Said Hart: “[Henderson] saw it, he ate it up, and he never let go of the feeling. He is back here 12 months later. I am very proud of him.”
After Henderson was elected, Ignite was far from finished. The G League Ignite had a draft-high four players selected. Arkansas and UCLA had the most among American colleges with three players each, according to ESPN Stats & Information. Miller was selected 33rd overall in the second round by the Minnesota Timberwolves (via San Antonio). Cissoko was selected 44th overall in the second round by San Antonio. King was drafted 47th overall in the second round by the Los Angeles Lakers.
For Sane and Darlan, participating in the NBA draft was surreal as they watched it last year from the NBA Africa Academy on a computer in Saly, Senegal. A year later, the two African NBA draft hopefuls were in the house dreaming of bringing their families from the continent to the green room.
“It’s a great experience happening,” Sane said. “It will help me a lot to see my brothers get drafted. It will help me a lot to work hard to get better to be the best I can be one day.
“I’m thinking about getting everyone out next year. Last year I was on the phone with my coach at home talking about what to wear and everything. I think about it in my imagination.”
Said Darlan, wearing a Senegalese suit, “It’s very exciting. I feel like a big prospect. For me it’s a big experience.”
Buzelis, Sane, Holland, Darlan and the Ignite coaching and development staff flew from Las Vegas to New York City on Tuesday. Darlan and Holland, a Duncanville, Texas native, were excited to make their first trip to New York City. The Ignite players practiced Thursday at Long Island University, whose men’s basketball program is now led by Strickland. The Ignite players had dinner Wednesday at the popular Brooklyn Chop House, where they got a surprise visit and pep talk from Henderson.
“When he came to see us, he had a big smile on his face,” Holland said. “He was happy to be here. His message to us was that we had to put our heads down and grind. It wasn’t easy at all. He put in the work and we have the ability to put in the work just like him to get there , where he comes to…
“It shows that this is unique and we definitely treat each other like family. For him to take time out of his day, especially as a busy man — top five, two to three wherever he goes — for him to making time for us and giving advice to get to where we want to get means a lot.”
Ignite also lifted weights and participated in a two-hour workout at the National Basketball Players Association gym in Manhattan on Wednesday. After they finished their work, Brooklyn Nets star forward Mikal Bridges and free agent guard Will Barton hit the gym. The training gave the Ignite players the opportunity to see the players’ union offices and training facilities.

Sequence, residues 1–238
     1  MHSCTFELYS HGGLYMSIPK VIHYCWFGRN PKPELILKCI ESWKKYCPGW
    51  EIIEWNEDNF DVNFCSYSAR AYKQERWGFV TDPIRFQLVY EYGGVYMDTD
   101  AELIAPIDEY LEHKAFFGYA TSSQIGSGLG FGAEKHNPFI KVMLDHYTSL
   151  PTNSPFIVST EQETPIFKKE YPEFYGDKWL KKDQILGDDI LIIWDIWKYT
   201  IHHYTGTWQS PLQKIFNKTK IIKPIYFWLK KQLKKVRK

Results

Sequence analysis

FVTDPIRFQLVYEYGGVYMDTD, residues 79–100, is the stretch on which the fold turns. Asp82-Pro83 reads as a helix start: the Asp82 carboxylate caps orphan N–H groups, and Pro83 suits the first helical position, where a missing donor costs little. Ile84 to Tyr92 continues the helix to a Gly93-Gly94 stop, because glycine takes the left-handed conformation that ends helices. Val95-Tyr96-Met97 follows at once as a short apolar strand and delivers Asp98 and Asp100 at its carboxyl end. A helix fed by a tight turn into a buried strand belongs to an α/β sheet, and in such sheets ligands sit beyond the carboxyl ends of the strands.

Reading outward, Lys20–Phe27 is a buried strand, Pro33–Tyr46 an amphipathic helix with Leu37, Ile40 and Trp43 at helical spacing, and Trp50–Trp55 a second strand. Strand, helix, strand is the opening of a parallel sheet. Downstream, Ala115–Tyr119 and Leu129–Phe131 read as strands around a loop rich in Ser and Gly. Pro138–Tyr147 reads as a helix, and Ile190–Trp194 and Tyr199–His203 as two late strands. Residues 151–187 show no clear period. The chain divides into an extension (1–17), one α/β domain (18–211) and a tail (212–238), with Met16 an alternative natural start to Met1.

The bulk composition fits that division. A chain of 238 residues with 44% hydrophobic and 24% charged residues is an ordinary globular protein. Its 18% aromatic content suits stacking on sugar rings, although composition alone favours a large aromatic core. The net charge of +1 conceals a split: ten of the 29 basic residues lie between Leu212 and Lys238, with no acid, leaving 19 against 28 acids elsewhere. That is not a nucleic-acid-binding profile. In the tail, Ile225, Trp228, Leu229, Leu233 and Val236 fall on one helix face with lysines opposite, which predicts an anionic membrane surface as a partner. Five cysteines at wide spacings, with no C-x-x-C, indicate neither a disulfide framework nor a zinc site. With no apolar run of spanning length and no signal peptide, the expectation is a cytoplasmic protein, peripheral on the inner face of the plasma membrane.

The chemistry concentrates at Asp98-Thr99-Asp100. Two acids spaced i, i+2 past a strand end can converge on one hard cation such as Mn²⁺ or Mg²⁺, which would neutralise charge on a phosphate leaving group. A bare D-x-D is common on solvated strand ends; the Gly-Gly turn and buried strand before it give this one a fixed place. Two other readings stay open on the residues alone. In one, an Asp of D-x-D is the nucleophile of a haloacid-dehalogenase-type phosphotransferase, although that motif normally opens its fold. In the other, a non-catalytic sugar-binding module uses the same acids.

Like Henderson, Miller took time during his hectic draft schedule to offer some words of wisdom to the players after being introduced by Hart.
“You have to work every day,” Miller told the players. “Go compete. Coach likes dogs, so you’ve got to go out there and give it your all. Put a lot of effort out there. You’ve got to be ready. Coach’s going to put the time on you. IG League you’re playing against grown men. It’s not like what you are used to playing against in high school and other places where you are.
“You can’t let them go out and punk you. Strike back. Hit them before they can hit you. And every night in the G League there’s competition. You have to be prepared for that. In practice, you have to push yourself to get better. You guys want the same goal. You’ve got to earn your minutes. Play the right way.”
After Miller’s speech, the rising Ignite players gave him a standing ovation and shook his hand. Miller and Beauchamp also visited Ignite’s suite during the early part of the NBA draft. Henderson and Beauchamp also had some extra words of wisdom for their Ignite little brothers.
Beauchamp, who has stayed in touch with Henderson, said: “When you see a former Ignite player get drafted, it could be you next year. I think it’s a great experience to be here. Next year could be your time, if you have a good year.”
Holland described the Ignite’s 2024 NBA draft class as a “special” class that is being overlooked. Hart tells his Ignite players to make sure after they leave, “to put the ladder back down.”
So did Henderson and Miller. Expect Buzelis and Holland to do the same one day.
“We definitely have to get back here,” Buzelis said. “It’s a family.”